Along Court Street in Carroll Gardens in Brooklyn, New York, there is a familiar site outside of Saint Mary’s Church. This memorial is dedicated to the Church’s fallen youth who died during World War 1. Although the church was founded as an Irish parish, the constituency in the early 20th century became predominantly Italian.


Brownsville, one of many Italian neighborhoods in Brooklyn, New York, still has this memorial at the former cite of the Our Lady of Loreto Church. This Church was one of the first Italian National Parishes in New York and was built by Italian immigrants. Her fallen during World War I and World War II are commemorated in this beautiful tribute still on Sackman Street despite the church’s being torn down:

In the formerly thriving Italian Enclave of Worcester, Massachussets, there is a memorial dedicated to the area’s fallen soldiers connected to the Parish of Our Lady Of Mt. Carmel who died in World War 2. The church has been closed and is slated for demolition:

In Mount Vernon, New York, which is technically Westchester but some still refer to it as the Bronx, there is a memorial dedicated at the closed church of Our Lady Of Mount Carmel. This church has been closed for some years but the grotto and memorial are still maintained:

The Mission: To Enlighten and Preserve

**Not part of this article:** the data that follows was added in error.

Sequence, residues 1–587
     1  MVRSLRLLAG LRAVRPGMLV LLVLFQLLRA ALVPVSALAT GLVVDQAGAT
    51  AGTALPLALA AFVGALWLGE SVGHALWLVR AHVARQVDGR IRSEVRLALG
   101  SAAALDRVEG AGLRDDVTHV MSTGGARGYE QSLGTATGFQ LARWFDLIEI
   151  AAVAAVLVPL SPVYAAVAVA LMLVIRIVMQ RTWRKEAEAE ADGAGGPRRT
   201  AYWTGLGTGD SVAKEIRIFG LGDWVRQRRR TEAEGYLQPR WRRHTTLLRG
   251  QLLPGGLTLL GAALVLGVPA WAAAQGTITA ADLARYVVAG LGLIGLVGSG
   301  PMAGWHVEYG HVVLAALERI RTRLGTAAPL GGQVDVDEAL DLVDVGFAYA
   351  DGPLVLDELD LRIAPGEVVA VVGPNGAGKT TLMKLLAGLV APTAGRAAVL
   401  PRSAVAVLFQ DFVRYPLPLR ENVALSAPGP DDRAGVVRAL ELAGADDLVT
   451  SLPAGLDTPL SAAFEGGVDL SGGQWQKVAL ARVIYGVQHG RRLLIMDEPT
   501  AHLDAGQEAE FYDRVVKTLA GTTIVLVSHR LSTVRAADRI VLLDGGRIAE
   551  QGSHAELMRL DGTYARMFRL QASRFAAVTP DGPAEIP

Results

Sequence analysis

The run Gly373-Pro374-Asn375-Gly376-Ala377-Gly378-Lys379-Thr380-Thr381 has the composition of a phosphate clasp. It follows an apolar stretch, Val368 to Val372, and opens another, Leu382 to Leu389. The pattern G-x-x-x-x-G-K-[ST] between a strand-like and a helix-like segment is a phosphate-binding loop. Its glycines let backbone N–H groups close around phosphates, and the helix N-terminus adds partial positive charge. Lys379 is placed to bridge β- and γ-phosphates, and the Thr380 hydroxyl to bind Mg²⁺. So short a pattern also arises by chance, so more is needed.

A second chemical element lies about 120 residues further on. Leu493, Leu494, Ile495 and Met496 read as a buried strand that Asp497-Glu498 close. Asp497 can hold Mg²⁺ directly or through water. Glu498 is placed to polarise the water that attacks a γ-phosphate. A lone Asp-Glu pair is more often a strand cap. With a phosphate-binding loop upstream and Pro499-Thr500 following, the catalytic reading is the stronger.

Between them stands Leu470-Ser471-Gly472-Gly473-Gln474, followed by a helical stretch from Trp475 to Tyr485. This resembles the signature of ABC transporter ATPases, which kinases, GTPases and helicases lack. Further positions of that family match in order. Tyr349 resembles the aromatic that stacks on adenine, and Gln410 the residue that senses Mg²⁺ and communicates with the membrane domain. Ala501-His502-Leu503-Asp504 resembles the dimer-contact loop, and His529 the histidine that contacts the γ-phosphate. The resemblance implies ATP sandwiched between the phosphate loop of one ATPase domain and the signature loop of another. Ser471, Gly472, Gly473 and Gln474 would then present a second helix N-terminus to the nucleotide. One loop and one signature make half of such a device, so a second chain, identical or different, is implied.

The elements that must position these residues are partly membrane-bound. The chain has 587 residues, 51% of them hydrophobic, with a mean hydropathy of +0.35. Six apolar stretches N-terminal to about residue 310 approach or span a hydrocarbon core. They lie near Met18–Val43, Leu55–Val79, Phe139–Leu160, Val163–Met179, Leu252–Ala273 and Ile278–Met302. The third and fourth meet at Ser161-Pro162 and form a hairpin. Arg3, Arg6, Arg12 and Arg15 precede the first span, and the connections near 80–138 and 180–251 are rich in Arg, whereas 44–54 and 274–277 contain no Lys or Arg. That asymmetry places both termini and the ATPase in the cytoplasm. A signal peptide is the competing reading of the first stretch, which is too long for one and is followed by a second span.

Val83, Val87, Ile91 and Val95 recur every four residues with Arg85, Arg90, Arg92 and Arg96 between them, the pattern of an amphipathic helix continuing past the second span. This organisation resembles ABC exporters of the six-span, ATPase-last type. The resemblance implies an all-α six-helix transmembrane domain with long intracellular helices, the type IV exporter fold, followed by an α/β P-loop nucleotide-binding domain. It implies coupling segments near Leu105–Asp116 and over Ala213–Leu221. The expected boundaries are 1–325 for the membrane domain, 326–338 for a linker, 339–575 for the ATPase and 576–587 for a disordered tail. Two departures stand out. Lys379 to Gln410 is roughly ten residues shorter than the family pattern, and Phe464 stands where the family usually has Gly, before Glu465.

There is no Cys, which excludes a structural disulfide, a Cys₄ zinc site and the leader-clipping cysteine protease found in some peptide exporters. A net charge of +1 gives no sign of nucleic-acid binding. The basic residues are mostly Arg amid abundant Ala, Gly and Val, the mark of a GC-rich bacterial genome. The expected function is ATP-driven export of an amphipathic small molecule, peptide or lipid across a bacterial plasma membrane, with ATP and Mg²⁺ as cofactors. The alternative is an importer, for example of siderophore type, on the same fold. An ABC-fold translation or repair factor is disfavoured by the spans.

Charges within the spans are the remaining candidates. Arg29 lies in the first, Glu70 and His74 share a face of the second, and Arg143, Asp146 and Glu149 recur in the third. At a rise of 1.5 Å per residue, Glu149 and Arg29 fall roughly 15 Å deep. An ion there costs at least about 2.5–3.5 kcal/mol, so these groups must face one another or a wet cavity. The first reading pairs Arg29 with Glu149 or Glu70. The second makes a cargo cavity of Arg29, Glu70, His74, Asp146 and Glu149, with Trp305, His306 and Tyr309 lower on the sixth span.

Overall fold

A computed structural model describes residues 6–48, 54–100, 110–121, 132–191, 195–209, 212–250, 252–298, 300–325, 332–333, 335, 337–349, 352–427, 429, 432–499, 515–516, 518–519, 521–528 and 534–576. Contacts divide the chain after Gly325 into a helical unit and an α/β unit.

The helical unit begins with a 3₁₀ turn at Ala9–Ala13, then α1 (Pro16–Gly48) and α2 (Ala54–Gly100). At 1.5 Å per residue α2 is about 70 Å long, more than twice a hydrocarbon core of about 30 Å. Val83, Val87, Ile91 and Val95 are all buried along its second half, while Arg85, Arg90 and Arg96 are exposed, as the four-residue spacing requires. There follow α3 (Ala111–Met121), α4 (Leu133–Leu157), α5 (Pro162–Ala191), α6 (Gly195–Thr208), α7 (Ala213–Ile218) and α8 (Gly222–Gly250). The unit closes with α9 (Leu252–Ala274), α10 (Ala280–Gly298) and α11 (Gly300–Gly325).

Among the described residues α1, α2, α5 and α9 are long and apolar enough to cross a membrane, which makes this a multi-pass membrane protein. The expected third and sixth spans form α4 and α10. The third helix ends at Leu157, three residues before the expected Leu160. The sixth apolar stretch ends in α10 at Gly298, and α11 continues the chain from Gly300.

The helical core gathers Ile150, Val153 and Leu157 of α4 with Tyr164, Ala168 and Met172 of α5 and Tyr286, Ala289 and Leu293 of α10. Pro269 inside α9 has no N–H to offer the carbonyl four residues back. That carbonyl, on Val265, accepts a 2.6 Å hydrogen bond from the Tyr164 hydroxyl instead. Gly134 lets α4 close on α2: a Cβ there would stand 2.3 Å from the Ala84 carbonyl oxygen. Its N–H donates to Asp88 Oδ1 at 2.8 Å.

Initially, I was naïve enough to assume that visiting each Italian neighborhood in America would be something that I could wrap-up in a couple of years on the weekends in between raising a family and a career in finance. When reality set in, and I realized that my commitment would be more like a lifetime’s work, I made sure to capitalize more on my travels by taking my time to document as much as possible in an unparalleled contribution to future Italian Americans.

I very much anticipated taking photos of businesses, churches and yard shrines as well as feasts. A common denominator that I did not expect to find between many Italian neighborhoods in the United States was the dedication that many Italian parishes and their neighborhoods exhibit to the fallen soldiers who sacrificed their lives for America in the bloody wars of the 20th century.

As we see our Italian parishes closed and our neighbors move away from our Italian Enclaves, we should never forget those who laid their lives to protect this great land and her inhabitants. The efforts on the battlefield and the home front should never be forgotten. As Italian Americans comprised over 10% of all fighting men in both World Wars, the Italian American contribution was not just limited to those wars. Korea, Vietnam, Iraq, and Afghanistan saw hundreds of thousands of brave Italian Americans as well.

Creating a master list and archive of photos for each war memorial dedicated to Italian Americans is a work in progress since I know of many more monuments and memorials that are not included in this post. I will continue to travel to these memorials in order to photo document them and give these men an online memorial space forever. Please e-mail any suggestions that you may have because as the sand in the top of the hour glass dissipates, we run the risk of these memorials being removed or forgotten forever and with them, our knowledge of the great sacrifices laid forth by our brave ancestors.

Please e-mail any suggestions to